Our findings indicate that structural brain MRI imaging can be used to effectively identify MDD and SCZ in adolescents. Previous studies widely used different structural indexes, including subcortical volume, gray matter density, gray matter volume, cortical thickness, and cortical area, and all of them could distinguish between adults with psychiatric disorders and healthy adults [38, 58,59,60]. In this study, we focused on adolescent psychiatric patients and collected structural MRI data from patients with MDD and SCZ. Different structural indexes were used as SVM model features respectively for case- classification and MDD-SCZ classification. Unlike previous findings on adults, only cortical thickness could provide the best accuracy in three adolescent classification models in our study. This is consistent with the findings by Qiu et al., who used an SVM based on various brain morphometric features to distinguish between 32 adult patients with first-episode MDD and 32 HC [61]. They reported that multiple cortical features could discriminate them with cortical thickness providing the highest accuracy. Our findings indicate that the cortical thickness is already altered in adolescent patients with MDD and SCZ. This is consistent with previous findings that patients with childhood-onset schizophrenia presented with bilateral deficits in the temporal, prefrontal, and parietal cortices [62]. Moreover, using the machine learning technique, cortical thickness has been reported to predict future-onset of depression in adolescents with an accuracy of 70% [63]. Besides, with volumes of both subcortical and cerebellar regions as the feature set, the classification model of MDD-SCZ resulted in a significant accuracy of 62.93% (p = .044). This is because some subcortical nuclei are also linked to MDD and SCZ, such as amygdala, which is associated with emotion [64, 65]. In addition, there is an interesting finding that we succeed to distinguish adolescents with SCZ and HC but Thormodsen et al. not [26]. In their study., there are no significant evidence of cortical thickness difference between adolescent with SCZ and HC based on univariate analysis. In our study, to further explore the brain morphology of adolescents with SCZ, we succeed to distinguish them using multivariate analysis. Although no significant evidence is found in cortical thickness of each brain region between the two groups, there may be a particular spatial pattern of abnormal changes in cortical thickness across brain regions in adolescents with SCZ. That may be why we are successful. In a word, cortical thickness is a crucial structural brain index for identifying adolescent patients with psychiatric disorders.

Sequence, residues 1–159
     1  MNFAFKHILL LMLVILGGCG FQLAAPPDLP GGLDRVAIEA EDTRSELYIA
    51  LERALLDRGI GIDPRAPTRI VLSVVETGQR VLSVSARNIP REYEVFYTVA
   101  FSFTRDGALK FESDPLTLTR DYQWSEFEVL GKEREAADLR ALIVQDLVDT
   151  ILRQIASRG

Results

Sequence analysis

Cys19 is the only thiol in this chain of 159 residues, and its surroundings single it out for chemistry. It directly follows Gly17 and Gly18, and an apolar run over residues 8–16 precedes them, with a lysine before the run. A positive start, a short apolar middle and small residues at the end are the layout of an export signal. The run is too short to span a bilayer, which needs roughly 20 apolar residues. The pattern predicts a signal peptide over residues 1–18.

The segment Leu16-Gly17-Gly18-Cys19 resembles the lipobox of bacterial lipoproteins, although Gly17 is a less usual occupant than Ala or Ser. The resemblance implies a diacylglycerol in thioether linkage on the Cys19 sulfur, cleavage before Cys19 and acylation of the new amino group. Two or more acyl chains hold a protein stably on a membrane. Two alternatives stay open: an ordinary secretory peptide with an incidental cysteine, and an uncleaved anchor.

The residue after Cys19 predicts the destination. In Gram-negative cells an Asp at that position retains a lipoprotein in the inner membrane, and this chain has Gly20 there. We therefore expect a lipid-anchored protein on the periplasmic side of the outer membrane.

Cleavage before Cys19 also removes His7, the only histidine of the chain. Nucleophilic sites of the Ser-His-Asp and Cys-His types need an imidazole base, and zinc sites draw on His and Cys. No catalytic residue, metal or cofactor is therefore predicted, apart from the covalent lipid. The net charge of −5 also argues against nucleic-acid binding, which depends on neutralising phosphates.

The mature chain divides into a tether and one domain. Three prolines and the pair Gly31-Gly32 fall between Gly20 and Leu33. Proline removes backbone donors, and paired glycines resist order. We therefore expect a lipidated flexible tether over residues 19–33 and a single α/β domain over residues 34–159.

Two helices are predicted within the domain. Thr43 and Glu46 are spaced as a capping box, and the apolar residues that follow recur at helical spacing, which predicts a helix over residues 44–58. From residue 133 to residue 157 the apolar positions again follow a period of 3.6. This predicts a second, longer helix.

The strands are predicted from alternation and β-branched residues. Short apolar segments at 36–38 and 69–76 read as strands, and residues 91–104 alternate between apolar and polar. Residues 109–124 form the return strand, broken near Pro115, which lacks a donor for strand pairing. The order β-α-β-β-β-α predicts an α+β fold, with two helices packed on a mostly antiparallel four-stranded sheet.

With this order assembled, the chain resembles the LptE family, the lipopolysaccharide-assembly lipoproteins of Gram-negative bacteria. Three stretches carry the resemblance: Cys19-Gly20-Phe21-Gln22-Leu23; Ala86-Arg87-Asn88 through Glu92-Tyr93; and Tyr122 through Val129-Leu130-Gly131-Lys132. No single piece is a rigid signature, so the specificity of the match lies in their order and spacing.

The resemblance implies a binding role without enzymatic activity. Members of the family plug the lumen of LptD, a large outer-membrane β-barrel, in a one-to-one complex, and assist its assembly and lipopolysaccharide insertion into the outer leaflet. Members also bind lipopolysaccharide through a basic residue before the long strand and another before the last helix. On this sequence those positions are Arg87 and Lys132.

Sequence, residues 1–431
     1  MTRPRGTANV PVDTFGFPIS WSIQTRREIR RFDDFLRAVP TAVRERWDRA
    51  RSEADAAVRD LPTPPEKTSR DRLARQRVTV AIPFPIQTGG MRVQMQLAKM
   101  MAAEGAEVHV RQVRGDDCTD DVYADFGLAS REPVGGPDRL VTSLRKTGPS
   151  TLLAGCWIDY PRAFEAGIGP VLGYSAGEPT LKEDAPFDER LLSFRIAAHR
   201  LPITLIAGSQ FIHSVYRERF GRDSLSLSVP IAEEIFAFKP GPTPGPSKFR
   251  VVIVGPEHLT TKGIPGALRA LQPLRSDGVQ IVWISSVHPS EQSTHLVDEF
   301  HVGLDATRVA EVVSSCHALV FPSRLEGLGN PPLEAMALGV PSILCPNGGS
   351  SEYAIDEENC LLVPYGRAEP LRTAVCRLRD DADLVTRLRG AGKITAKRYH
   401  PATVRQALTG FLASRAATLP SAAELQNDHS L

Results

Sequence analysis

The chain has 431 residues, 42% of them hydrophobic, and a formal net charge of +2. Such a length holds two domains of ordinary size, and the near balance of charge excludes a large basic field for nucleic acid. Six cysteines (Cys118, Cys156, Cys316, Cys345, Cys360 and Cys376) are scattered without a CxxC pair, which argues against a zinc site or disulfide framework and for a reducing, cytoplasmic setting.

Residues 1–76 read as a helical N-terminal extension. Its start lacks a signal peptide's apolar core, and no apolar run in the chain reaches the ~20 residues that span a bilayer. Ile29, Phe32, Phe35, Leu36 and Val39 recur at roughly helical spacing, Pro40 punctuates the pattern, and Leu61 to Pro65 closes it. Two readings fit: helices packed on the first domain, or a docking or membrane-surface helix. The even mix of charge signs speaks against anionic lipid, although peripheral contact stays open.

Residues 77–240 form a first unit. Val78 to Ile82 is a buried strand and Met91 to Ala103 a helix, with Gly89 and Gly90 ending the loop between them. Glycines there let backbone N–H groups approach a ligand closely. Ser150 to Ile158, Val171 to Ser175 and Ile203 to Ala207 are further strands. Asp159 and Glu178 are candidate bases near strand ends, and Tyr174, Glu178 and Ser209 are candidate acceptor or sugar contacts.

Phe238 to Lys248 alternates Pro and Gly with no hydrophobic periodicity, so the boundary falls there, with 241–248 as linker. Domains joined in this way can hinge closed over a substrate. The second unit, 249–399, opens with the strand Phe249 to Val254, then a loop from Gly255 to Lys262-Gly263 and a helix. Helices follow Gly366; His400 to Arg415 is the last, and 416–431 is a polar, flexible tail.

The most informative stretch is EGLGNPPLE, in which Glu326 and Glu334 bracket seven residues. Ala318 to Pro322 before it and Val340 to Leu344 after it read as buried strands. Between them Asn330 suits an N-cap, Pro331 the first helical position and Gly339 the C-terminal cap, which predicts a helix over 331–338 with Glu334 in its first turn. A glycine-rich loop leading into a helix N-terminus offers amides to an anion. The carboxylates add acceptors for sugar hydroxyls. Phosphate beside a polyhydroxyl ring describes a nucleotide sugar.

For distinguishing adolescent patients with MDD from HC, the most important brain region was the temporal pole. The temporal pole, which is a node of the paralimbic system, plays an important role in socioemotional and cognitive processing [66]. Defects in these processes are associated with depression [67, 68]. Gray matter abnormities in the temporal pole have been reported in medication-naive patients with first-episode MDD [69, 70]. Compared to healthy controls, individuals with depression present with greater activation of the right anterior temporal pole [71]. Previous studies also reported abnormal functional connections between the right temporal pole and other brain regions in patients with MDD [72,73,74]. Given the emotional instability in adolescents and the abnormal emotional response to external stimuli, abnormal changes are more likely to occur in the temporal pole [75]. Therefore, the structure of this region could be used as a crucial biomarker for adolescent depression.